It is admittedly not much of a choice if one has to deny part of one’s self to gain privilege. However, privilege can still exist, even if “choice” is denial. For example: if I “choose” to publish under a different name, say, “Mike Jones,” my words as “Mike Jones” have more privilege than my words as a female-of-color. “Mike Jones” has the privilege of invisibility, of nondifference. “Mike Jones” does not have to send his words through tokenism. His words would not be parsed through cultural lenses or be automatically associated with visual difference. Nor would he be judged on his difference. To gain Mike Jones’ privilege, I have to deny everything that I am. But if I did, his privilege nonetheless operates for me.
See: the nature of privilege is determined by those who have it. And those who have it in our society are white heterosexual males. The only way privilege exists is through silencing the other to maintain inequality. In order to gain privilege, those outside of the privileged categories must deny parts of her/his self, have to inch closer to WHITE, HETEROSEXUAL, MALE. For gays and lesbians, inching closer to heterosexual norm is done through visibility and the visual—dressing a certain way, not holding hands when walking down the street. For nonwhites, to inch closer to the white norm, it is done by remaining silent on race issues. For women, it is to fulfill the gender role assigned to them. Privilege is measured against the norm, and to gain privilege, one moves towards the norm.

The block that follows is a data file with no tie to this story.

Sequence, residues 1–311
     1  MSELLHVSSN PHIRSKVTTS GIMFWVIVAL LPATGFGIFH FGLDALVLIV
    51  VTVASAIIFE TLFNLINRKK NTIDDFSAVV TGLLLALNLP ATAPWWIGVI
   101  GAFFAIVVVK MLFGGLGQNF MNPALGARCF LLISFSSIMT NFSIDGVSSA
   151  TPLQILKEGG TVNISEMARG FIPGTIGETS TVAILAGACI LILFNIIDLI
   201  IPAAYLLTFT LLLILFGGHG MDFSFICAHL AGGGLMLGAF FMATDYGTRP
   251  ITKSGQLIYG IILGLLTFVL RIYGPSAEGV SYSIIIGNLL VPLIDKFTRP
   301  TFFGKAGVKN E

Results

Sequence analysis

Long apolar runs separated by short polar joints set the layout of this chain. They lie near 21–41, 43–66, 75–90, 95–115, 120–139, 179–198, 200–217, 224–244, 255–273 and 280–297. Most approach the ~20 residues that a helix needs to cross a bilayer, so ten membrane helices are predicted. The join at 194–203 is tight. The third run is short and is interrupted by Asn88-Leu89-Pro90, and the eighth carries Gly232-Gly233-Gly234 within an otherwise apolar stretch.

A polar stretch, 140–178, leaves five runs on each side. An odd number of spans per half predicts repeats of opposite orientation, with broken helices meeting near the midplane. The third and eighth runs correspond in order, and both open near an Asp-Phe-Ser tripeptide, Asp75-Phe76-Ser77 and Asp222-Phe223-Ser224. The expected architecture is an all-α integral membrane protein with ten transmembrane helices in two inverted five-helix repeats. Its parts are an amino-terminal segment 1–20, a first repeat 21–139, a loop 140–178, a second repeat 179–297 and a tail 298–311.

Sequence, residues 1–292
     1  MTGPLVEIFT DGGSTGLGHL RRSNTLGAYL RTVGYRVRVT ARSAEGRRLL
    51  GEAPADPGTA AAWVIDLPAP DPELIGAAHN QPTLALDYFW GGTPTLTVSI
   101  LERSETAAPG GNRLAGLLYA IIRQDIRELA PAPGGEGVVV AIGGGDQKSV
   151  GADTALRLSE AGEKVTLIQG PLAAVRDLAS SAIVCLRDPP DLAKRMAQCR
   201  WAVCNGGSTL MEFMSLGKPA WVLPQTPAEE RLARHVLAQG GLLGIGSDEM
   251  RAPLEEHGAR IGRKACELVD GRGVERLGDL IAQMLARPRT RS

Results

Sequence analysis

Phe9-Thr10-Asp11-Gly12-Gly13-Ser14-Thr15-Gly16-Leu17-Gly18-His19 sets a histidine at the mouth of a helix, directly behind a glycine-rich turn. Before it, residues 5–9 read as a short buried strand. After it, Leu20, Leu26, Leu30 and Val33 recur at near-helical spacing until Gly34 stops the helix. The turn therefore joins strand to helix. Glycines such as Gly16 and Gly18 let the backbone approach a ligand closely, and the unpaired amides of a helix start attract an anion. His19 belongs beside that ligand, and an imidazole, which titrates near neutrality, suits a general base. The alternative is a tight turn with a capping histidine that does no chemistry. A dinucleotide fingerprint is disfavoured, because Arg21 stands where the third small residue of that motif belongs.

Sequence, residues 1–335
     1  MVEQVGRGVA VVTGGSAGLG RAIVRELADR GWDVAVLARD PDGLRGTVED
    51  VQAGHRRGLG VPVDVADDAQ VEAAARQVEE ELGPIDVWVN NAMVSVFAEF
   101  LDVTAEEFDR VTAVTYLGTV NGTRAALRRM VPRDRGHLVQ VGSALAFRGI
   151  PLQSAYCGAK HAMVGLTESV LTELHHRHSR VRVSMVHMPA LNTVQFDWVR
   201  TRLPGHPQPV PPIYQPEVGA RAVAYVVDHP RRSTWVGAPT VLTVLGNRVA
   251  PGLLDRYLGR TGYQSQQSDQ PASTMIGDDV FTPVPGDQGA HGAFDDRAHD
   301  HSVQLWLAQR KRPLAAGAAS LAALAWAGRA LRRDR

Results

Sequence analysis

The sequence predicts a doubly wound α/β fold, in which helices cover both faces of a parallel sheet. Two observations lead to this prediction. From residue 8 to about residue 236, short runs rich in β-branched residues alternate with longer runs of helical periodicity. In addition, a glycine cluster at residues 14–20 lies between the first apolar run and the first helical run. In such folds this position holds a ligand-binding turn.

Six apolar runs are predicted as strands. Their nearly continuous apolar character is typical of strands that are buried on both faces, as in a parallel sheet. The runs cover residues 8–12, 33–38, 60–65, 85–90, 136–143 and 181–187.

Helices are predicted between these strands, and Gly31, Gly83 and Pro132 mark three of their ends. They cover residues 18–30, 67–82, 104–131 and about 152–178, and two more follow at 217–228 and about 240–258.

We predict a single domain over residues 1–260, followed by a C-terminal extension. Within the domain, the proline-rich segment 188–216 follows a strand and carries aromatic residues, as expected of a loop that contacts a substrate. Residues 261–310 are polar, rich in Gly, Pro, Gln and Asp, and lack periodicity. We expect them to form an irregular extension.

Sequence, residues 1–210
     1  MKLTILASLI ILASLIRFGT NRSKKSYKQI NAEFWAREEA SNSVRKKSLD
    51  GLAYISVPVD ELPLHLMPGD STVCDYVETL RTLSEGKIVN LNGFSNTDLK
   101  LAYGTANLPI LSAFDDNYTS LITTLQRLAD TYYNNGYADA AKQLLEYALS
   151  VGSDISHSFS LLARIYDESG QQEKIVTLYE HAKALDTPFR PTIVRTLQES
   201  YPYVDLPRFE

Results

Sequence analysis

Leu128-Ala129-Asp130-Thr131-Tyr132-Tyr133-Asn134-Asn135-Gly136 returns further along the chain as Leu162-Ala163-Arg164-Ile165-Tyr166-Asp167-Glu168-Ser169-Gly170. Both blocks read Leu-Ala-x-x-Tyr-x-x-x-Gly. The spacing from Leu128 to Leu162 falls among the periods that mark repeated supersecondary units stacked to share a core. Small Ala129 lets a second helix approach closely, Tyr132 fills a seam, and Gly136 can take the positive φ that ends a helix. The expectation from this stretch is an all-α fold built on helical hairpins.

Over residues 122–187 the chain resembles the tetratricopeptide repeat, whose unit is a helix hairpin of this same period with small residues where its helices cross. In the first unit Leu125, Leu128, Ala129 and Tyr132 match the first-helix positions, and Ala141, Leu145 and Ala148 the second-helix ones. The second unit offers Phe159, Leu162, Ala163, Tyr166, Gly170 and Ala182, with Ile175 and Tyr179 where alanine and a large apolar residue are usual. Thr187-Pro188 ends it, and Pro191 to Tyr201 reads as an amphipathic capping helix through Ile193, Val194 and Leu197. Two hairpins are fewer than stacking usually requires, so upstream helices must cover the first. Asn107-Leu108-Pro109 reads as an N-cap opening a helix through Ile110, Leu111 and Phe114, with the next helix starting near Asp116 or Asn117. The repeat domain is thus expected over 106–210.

There will always be a chasm between what is felt and what is perceived as felt. I can never adequately explain the discomfort I feel in this world, the constant awareness of my notbelonging, my neverbelonging—partially because I do not have the language to express it. It’s a pervasive feeling, constant, and that I know I will deal with for the rest of my life.